From a traditional mission priest and friend of Rorate:
Let us focus our attention on the difference between Redemption and Salvation. Over the last 50 years or so there has been much confusion over who is saved and how. Practically speaking, this confusion was seen in the controversy over the words “for all” or “for many” in the Consecration at the Novus Ordo Mass.
So, let us begin by simply asking… Are you saved? The correct answer is “NOT YET. I am working on it! Pray for me!” People often ask us how we are doing… perhaps a good response would be simply to say: “I am working out my salvation.”
But wait a minute. Are we not baptized? Do we not pray, go to confession, receive Holy Communion? Are these not signs that we are saved? No. These are all signs that we have been Redeemed. Fr. John Hardon, SJ: “Literally, to redeem means to free or buy back. Humanity was held captive in that it was enslaved by sin. Since the devil overcame human beings by inducing them to sin, they were said to be in bondage to the devil. Moreover, the human race was held captive as to a debt of punishment, to the payment of which it was bound by divine justice. On all these counts, the Passion of Christ was sufficient and superabundant satisfaction for human guilt and the consequent debt of punishment. His Passion was a kind of price or ransom that paid the cost of freeing humanity from both obligations. Christ rendered satisfaction, not by giving money, but by spending what was of the highest value. He gave himself, and therefore his Passion is called humanity’s Redemption.”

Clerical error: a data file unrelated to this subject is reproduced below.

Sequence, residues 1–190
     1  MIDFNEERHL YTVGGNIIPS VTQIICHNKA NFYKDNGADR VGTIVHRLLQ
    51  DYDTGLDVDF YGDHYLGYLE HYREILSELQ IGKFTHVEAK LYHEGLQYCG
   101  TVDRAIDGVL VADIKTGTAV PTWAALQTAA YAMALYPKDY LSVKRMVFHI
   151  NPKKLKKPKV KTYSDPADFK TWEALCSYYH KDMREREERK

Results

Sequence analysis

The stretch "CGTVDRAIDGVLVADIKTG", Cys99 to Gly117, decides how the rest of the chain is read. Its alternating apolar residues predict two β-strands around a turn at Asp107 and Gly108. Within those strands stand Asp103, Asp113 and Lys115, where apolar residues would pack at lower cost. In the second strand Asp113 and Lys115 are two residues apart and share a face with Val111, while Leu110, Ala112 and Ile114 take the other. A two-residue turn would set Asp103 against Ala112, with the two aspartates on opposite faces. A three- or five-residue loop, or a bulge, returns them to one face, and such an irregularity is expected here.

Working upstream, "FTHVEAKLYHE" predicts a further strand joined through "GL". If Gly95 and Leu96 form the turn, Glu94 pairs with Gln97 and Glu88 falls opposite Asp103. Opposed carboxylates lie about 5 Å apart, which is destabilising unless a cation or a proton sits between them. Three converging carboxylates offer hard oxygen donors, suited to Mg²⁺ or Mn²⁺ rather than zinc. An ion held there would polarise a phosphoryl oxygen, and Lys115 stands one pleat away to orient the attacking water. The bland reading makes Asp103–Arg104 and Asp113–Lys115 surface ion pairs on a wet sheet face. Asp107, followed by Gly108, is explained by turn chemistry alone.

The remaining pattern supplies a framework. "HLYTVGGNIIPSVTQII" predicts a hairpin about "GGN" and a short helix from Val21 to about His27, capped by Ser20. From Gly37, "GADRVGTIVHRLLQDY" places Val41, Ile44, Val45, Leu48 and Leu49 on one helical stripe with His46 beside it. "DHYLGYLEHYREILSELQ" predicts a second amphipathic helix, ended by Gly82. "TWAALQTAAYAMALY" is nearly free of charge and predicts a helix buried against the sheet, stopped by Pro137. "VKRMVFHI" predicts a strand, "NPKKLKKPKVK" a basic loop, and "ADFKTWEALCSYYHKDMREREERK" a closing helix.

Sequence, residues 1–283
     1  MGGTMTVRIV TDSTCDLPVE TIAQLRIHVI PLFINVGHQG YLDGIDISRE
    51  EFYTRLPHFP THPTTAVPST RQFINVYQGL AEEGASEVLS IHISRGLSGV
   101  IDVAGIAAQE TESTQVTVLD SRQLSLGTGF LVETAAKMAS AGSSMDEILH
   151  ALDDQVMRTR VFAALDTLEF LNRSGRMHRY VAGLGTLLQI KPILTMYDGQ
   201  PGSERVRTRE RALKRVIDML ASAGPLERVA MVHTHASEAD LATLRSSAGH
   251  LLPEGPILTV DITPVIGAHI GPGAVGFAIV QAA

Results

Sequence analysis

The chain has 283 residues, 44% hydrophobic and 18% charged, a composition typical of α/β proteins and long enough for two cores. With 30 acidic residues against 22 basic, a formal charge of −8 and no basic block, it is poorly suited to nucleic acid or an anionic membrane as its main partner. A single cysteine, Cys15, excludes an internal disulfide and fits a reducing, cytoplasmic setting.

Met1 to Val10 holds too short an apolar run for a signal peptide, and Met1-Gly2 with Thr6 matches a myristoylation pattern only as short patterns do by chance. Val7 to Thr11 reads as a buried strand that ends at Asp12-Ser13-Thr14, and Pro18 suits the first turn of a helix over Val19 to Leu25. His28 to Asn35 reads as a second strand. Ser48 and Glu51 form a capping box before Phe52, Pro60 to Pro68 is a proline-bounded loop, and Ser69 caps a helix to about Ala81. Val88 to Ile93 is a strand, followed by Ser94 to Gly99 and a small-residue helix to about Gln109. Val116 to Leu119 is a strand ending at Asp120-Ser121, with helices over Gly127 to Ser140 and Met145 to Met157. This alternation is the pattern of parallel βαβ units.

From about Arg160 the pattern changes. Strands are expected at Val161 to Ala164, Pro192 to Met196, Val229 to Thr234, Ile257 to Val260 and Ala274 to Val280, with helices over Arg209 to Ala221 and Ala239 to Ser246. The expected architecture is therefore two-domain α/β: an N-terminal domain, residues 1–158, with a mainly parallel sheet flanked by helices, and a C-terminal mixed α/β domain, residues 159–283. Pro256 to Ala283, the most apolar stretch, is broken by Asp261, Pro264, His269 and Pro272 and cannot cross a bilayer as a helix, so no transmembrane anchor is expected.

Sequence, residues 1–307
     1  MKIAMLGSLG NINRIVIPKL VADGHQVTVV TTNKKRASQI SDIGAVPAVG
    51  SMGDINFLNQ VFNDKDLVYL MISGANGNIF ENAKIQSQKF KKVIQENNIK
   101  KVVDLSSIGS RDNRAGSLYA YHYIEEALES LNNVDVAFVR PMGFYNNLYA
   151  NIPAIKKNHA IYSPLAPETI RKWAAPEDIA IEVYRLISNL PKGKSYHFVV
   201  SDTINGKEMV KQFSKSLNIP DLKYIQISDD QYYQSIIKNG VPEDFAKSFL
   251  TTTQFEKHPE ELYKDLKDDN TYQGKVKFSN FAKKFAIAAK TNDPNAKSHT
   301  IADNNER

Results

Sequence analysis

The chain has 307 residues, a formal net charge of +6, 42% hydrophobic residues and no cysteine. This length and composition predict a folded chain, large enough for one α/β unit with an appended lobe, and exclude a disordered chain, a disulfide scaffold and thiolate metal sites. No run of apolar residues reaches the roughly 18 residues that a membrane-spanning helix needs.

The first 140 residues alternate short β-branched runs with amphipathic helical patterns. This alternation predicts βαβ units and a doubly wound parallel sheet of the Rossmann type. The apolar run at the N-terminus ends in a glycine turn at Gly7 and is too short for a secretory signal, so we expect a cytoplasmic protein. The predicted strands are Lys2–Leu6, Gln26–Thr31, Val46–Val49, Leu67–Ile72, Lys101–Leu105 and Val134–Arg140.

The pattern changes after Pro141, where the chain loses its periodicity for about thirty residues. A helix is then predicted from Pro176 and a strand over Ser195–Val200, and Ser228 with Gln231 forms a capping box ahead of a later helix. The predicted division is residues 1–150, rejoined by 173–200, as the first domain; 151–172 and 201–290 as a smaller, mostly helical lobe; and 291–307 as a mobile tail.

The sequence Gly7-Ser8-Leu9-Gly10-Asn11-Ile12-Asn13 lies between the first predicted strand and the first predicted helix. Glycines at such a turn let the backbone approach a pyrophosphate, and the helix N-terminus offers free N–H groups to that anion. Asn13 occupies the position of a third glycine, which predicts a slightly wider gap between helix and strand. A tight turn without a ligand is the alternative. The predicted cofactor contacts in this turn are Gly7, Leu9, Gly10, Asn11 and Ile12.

St. Paul: “You are not your own; you were bought with a great price” (1Cor. 6:20). St. Peter: “you were not redeemed with corruptible things as gold or silver… But with the precious blood of Christ” (1Pet 1:18).
Since this “buying back” by the Christ covers all sins and all debts of punishment possible for all men of all times and places, then we can say that ALL of mankind is redeemed, objectively speaking. There is no further price to be paid by Our Lord. Thus, He is called the Redeemer of the World or the Redeemer of the Human Race. St. John says: “He is the propitiation for our sins: and not for ours only, but also for those of the whole world” (1Jn 2:2). The Sacred Heart said to Sr. Josefa Menendez: “It was love that made Me suffer the most ignominious contempt and horrible tortures… and shed all My Blood and die on the Cross to save mankind and redeem the whole human race” (Way of Divine Love, p. 235).
Yet in many places in the same revelations, the Sacred Heart repeats over and over that many many souls go to hell to be lost forever, and this causes Him great pain. How, then, can He redeem the whole human race and yet many, if not most, are lost? Our Lord Himself gives the answer in St. Matthew’s Gospel: “he that shall persevere to the end, he shall be saved” (Matt 24:13). In another place: “And a certain man said to him: Lord, are they few that are saved? But he said to them: Strive to enter by the narrow gate; for many, I say to you, shall seek to enter, and shall not be able” (Luke 13:23-24). When the Apostles and Evangelists use the term “saved”, they almost always place it in the subjunctive mood (which expresses what is possible but not yet realized)…they say things like: “may be saved” … “might be saved” … “shall be saved”… “should be saved”… will be “saved, if you hold fast…and did not believe in vain”.